Many of the Web sites for the Georgia Department of Natural Resources will be temporarily off-line over the weekend of May 3 and 4, 2014, for maintenance purposes. We apologize for any inconvenience. The sites should be available again 9:00 a.m. Monday morning, May 5.
Affected Web sites include the main Web site for Georgia DNR (, and our sites for the Coastal Resources, Environmental Protection, Historic Preservation, and Wildlife Resources Divisions. The Council on American Indian Concerns Web site is also affected.
This outage will NOT affect GA DNR e-mail activity.
You can access these DNR services and information directly through these links:
  • Purchase/Replace a Hunting or Fishing License
  • Renew Your Boat Registration
  • Access Fishing Regulations
  • Access Hunting Regulations
  • To Turn in a Poacher (TIP), call the TIP Hotline at 1-800-241-4113; or send an e-mail to seven days a week / 24 hours a day
  • To report an environmental emergency requiring immediate attention, such as a spill or chemical release, please call: 404-656-4863 or 1-800-241-4113
  • May 2, 2014 Latest Coastal Beach Swimming Advisory Information: Swimming Advisories Remain for South Beach at the Lighthouse and 5th St. Crossover Beach on St. Simons Island;St. Andrews and Clam Creek Beach on Jekyll Island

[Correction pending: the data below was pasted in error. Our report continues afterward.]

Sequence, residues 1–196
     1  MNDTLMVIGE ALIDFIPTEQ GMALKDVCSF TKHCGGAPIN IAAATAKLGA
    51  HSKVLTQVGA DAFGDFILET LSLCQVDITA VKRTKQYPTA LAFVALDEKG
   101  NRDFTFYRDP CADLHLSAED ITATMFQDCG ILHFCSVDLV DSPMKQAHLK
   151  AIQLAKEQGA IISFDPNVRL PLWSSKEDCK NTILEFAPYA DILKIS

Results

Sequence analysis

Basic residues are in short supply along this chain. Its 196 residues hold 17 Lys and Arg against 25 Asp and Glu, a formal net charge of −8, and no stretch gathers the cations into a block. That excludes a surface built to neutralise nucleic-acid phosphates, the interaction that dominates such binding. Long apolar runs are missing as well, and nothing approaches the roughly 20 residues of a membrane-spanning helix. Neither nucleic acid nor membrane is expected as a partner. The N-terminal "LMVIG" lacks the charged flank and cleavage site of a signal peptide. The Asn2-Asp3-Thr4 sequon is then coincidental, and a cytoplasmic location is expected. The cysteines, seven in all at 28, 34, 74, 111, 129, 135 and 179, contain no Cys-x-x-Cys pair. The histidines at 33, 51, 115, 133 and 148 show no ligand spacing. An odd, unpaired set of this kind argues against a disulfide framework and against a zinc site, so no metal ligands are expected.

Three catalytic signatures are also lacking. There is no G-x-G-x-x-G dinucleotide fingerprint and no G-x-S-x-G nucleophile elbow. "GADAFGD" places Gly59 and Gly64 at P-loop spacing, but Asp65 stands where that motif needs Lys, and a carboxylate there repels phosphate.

The Glynn County Health Department has issued advisories for South Beach at the lighthouse (from 9th Street to the pier) and 5th Street Crossover Beach (from Cedar Street to 9th Street) on St. Simons Island. The advisories for St. Andrews Beach (from Macy Lane to the St. Andrews picnic area) and Clam Creek Beach (from Clam Creek to the old north picnic area) on Jekyll Island and remain in place.

    These advisories are only for the area(s) specified above and do not impact any other beaches on the islands. This beach water advisory is to alert the public of a possible risk of illness associated with water contact but does not mean the beach is closed.

    The areas will be retested and the advisories will be lifted when tests show the bacteria levels meet the Environmental Protection Agency’s recommended standards.
Important: This page will be taken down after the other sites are back on-line.